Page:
Pakistan's economic status has drastically declined during the last 12 months. The currency value is decreasing. Inflation is on its peak. A severe energy deficit and a political crisis occur continuously. Restriction on imports, the sudden increase in policy rates, the fall in the value of the rupee and the drastic reduction in budget spending have all severely restricted economic growth and raised the risk of inflation. Since February 2023 a very minor improvement has occurred. It remains unstable and the chance of default is still very high.

Default risk: Pakistan's CDS reaches 92.53 percent, the highest level ever.

Over the past 18 months Pakistan external accounts which are already very weak structurally have become much worse and putting the nation in danger of experiencing a balance-of-payments crisis. Although the country's external finances had recovered by late March 2023 the refinancing risks remained quite significant.

The nation's foreign accounts started decreasing in the mid of 2021 as a result of:

The sharp spike in imports brought on by the revival of the economy, particularly the rise in demand for capital goods The country's rising oil costs (both prices and quantities have gone up).

The default risk for Pakistan has increased to a new high of 75%. It will have a direct impact on foreign investment and finally lead to the rupee's devaluation.

All commodity prices increasing because of the situation in Ukraine caused the balance of payments to worsen. The current account deficit increased by 3.8 percentage points to 4.6% of GDP in the fiscal year (FY) 2021–2022 which ended in late June 2022. Reserves of foreign currency decreased by 45%.

Since the summer of 2022 the current account deficit has significantly decreased in huge part. Between Q2 and Q4 2022 imports decreased by 29.7%. As a result of restrictions on imports (between May and July 2022 only so called essential goods could be imported) and a ban on banks opening letters of credit to businesses in all sectors that were deemed non-strategic (i.e., all sectors, with the exception of energy and food).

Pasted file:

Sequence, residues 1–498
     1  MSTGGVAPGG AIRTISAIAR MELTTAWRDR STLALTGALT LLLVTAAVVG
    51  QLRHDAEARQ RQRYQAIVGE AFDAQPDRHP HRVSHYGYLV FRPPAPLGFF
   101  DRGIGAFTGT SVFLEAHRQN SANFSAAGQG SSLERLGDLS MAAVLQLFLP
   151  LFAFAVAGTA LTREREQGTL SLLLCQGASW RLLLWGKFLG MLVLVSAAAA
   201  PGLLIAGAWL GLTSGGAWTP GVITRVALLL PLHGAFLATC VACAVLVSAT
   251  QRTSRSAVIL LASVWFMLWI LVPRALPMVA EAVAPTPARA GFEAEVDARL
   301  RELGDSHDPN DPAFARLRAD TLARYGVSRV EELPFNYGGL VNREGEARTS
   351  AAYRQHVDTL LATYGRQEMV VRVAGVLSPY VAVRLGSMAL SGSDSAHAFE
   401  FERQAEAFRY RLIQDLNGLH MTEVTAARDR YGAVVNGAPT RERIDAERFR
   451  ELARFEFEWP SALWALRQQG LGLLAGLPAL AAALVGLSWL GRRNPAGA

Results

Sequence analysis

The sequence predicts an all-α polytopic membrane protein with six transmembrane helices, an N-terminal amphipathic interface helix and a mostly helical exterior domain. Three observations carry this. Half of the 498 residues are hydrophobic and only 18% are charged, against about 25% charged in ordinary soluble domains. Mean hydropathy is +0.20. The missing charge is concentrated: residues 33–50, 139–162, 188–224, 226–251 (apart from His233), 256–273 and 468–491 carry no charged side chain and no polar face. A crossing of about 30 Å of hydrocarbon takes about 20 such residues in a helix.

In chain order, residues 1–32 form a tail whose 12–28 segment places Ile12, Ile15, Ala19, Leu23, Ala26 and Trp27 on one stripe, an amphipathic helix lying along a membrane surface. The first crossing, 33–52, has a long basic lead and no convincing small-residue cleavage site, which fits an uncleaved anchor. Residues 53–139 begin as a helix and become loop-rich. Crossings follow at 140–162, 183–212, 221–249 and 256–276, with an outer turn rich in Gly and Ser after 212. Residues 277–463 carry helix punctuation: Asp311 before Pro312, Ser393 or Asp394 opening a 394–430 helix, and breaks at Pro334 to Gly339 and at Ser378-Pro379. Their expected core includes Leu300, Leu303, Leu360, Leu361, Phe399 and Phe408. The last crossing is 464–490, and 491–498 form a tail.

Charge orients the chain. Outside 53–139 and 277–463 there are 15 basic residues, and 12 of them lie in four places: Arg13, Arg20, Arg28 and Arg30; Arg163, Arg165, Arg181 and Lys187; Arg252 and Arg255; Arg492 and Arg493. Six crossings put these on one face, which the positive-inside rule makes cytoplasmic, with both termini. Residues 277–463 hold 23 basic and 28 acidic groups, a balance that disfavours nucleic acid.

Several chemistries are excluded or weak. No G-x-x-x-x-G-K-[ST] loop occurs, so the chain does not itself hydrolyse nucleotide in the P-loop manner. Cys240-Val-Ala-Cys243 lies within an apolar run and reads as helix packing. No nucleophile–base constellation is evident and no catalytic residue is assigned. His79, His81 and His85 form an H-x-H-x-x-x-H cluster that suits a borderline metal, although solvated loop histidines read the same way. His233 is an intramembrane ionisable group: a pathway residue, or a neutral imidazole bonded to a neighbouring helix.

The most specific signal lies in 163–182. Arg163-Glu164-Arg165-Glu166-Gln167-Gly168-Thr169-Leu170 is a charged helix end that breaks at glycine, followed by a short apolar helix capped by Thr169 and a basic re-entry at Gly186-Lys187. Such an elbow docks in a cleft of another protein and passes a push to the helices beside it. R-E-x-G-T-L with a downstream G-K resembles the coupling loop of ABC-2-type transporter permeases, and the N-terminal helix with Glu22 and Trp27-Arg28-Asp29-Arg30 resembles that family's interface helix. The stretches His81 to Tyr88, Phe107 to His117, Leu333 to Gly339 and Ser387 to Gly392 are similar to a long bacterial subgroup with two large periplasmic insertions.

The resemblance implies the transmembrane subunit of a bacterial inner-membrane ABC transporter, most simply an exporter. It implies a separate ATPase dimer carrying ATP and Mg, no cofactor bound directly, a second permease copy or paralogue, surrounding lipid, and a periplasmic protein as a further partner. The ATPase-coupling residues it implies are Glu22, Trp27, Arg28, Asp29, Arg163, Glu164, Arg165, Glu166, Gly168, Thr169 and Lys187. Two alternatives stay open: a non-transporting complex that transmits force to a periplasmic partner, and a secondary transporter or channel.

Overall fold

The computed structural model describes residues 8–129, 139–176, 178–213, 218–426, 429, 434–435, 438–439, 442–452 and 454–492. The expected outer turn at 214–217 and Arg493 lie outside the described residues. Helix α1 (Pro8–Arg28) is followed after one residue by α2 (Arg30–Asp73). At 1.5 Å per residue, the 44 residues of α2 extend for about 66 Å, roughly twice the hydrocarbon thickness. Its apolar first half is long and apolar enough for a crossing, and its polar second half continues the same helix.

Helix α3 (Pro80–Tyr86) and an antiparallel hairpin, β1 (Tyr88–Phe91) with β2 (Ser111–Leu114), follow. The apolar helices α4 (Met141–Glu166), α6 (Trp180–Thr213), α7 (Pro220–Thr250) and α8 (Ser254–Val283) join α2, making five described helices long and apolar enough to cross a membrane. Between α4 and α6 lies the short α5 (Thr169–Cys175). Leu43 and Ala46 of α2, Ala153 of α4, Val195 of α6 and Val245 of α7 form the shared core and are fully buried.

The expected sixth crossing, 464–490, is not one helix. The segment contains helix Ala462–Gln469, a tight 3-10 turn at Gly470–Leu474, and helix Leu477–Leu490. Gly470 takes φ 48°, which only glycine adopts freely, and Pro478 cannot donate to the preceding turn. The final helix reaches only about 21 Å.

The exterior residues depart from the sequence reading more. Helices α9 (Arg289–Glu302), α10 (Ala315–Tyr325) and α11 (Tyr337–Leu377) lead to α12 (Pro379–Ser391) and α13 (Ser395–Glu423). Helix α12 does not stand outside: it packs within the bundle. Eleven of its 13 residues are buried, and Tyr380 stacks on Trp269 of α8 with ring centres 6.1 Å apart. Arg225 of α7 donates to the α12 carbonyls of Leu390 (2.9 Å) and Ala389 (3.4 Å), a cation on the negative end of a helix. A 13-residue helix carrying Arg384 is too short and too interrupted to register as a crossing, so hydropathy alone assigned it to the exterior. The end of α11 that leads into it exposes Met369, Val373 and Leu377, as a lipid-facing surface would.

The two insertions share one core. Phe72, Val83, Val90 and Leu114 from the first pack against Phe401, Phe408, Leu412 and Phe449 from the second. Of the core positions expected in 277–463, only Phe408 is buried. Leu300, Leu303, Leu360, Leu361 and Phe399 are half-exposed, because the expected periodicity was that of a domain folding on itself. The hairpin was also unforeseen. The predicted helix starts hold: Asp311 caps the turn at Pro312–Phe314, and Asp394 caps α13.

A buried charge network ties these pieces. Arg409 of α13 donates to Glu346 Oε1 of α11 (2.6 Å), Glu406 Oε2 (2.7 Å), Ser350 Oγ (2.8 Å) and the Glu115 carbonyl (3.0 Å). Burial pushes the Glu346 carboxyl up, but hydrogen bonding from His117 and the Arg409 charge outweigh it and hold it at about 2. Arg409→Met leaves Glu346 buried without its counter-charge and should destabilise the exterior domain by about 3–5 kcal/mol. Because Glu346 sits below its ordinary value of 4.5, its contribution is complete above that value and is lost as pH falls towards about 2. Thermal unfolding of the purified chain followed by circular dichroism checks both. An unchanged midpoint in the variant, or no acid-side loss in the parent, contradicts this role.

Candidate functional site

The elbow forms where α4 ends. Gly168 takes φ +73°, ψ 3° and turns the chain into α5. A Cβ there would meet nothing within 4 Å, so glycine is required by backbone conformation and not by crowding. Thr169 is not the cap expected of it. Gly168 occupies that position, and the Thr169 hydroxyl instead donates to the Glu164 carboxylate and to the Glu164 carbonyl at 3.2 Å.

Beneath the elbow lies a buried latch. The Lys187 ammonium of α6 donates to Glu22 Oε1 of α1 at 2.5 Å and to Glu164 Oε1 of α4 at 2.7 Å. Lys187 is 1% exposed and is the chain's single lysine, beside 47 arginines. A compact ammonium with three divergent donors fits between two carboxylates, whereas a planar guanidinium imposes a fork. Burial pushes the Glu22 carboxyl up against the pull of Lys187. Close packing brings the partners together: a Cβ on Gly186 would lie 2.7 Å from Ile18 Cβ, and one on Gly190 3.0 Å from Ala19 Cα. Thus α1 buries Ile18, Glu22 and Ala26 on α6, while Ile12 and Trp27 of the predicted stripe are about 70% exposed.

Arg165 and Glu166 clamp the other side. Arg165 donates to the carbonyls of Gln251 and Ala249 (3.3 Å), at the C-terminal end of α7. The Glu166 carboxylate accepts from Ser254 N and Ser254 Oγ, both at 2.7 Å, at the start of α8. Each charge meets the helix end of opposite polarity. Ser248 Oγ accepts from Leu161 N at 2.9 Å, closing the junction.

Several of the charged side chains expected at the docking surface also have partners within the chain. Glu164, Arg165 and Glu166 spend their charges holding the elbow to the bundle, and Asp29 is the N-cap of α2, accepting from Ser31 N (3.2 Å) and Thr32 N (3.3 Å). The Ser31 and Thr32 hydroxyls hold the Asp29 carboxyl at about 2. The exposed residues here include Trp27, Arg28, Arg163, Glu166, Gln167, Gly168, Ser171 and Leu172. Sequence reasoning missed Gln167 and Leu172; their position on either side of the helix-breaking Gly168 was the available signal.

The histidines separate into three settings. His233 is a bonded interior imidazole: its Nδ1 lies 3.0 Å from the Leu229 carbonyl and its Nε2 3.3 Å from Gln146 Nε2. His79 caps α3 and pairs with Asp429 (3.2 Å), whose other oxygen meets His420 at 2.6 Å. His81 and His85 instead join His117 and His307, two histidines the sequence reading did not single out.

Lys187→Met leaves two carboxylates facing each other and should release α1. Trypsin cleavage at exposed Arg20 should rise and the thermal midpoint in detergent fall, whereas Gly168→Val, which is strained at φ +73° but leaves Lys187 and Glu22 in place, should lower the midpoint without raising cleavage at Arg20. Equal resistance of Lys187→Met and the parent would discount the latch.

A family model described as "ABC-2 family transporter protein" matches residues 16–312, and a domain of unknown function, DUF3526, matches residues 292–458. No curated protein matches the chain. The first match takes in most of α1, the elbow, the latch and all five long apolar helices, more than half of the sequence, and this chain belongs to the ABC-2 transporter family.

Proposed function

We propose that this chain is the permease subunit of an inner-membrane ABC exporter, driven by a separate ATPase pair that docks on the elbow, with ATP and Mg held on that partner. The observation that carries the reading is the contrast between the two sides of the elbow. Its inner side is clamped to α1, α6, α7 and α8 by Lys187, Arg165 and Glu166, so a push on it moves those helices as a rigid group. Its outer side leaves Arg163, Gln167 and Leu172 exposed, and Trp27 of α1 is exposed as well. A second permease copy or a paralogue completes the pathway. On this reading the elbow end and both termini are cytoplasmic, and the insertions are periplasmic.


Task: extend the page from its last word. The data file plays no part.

Markets Are Prepared for Pakistan's Risk of Default Due to Impending Debt of $7 Billion

Despite this decrease in exports (caused by limitations on industrial production and the decline in wheat and cotton sales as a result of the floods in October 2022). The current account deficit was only 1.1 billion USD in Q4 2022 as opposed to 4.3 billion USD in Q2 2022.

Even though all import restrictions were formally ended in January 2023, but in reality company imports remained restricted due to limited foreign exchange reserves.

Due to the government's noncompliance with the fund's budgetary consolidation conditions. The Extended Fund Facility with the IMF which has been ceased since November 2022.

RISK OF DEFAULT & CRISIS IN PAKISTAN 2023, Pakistan's chance of default soars to 92.53%

The risk of default has marginally decreased (at least temporarily). there is still a high probability of default occurring. According to rating agencies and the IMF Pakistan needs for external funding will be in the range of USD 30 billion annually. However in the end of June its foreign exchange reserves might only total 12 billion USD.

The government is being forced by the economy to relax its tight fiscal policy.  With the announcement of a petrol subsidy for the most economically disadvantaged households in mid-March. The IMF's distribution of the cash might be delayed once more if this policy is confirmed. There is no assurance this will retain the current government in power after the general election set for October 2023.

RISK OF DEFAULT & CRISIS IN PAKISTAN 2023, Pakistan could go into default.

Pakistan is in a dreadful situation. It seriously needs support from abroad. Pakistan can only afford imports for a few weeks because of its dangerously low foreign exchange reserves. The central bank increased interest rates significantly in response to a declining currency. Rising food and petrol prices having a negative impact on common people lives. Recent damage from the floods made the economy worse.

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